Fig. 1.

Timeline of events: sequential depiction of notable clinical events, diagnostic procedures, therapeutic interventions, and follow-up assessments.

Fig. 1.

Timeline of events: sequential depiction of notable clinical events, diagnostic procedures, therapeutic interventions, and follow-up assessments.

Close modal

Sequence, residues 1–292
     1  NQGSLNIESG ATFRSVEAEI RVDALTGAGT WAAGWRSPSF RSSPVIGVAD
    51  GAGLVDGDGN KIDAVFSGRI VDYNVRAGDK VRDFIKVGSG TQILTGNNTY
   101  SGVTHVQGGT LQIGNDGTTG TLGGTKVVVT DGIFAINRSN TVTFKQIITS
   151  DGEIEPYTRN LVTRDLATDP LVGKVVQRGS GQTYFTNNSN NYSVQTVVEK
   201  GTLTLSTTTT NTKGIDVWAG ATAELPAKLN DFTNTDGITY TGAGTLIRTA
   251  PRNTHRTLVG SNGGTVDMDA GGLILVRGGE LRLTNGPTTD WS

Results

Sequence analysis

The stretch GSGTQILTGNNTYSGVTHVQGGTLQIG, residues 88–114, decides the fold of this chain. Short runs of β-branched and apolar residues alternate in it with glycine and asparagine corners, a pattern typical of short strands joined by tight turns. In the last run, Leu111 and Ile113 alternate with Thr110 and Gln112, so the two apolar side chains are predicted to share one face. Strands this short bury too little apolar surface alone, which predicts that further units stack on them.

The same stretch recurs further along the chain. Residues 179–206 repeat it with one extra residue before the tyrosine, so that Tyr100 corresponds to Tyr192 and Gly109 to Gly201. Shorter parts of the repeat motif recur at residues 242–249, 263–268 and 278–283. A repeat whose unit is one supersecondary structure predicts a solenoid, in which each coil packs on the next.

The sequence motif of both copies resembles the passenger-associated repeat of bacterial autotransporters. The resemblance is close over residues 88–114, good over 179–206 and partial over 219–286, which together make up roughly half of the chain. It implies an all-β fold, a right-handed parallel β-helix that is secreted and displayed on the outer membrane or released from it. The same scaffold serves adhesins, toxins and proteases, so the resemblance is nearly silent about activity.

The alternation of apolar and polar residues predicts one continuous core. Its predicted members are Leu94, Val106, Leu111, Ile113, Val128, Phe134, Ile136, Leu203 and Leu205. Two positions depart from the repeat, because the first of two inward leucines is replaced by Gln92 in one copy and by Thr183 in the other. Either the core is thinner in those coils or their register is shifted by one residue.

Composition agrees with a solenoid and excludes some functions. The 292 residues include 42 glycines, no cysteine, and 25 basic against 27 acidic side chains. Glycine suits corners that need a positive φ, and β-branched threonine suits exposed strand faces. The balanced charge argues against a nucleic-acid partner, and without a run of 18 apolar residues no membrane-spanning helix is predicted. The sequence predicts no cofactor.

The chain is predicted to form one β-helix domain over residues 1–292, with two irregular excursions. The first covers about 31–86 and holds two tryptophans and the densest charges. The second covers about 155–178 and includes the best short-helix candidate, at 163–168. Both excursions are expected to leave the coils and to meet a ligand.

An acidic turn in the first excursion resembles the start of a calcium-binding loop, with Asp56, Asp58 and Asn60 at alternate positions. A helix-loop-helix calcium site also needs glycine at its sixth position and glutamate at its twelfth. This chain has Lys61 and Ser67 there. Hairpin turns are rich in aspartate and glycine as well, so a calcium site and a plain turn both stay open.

During the general physical examination, the patient had normal vital signs with no evidence of orthostatic hypotension. On neurological evaluation, the patient exhibited several signs of Parkinsonism. He had muffled voice and masked, expressionless face. There were resting tremors in the right hand as well as cogwheel rigidity in the right wrist, which was exacerbated with distraction maneuvers. Bradykinesia was observed on hand and heel tapping maneuvers. A thorough examination of the motor system indicated significant atrophy of the small muscles in both hands. Atrophy of tongue muscles and fasciculations were also noticed. The Modified Ashworth scale indicated grade 4 spasticity in the lower limbs, while power was graded 4 out of 5 (MRC scale) proximally and distally in all limbs. Deep tendon reflexes were reduced (+1) in the upper limbs, with the exception of the right triceps reflex, which was graded +3, whereas exaggerated reflexes (+3) were found in the lower limbs, with flexor plantar responses bilaterally. The clinical findings of LMN and UMN in the upper and lower limbs, as well as in the tongue, were consistent with a definite clinical diagnosis of ALS. The patient was sluggish to initiate walk and took slow, short, shuffling steps with limited arm swing and trouble turning; also, the retropulsive pull test was positive. There were several primitive reflexes present, including palmomental, snout, and glabellar reflexes with an exaggerated jaw jerk. Pursuit and saccadic eye movements, as well as cerebellar function, were all normal. The sensory system examination was also unremarkable. The patient scored 28/30 on cognitive assessment using both MMSE and MoCA, indicating normal cognitive function. The remainder of the systemic examination was unremarkable.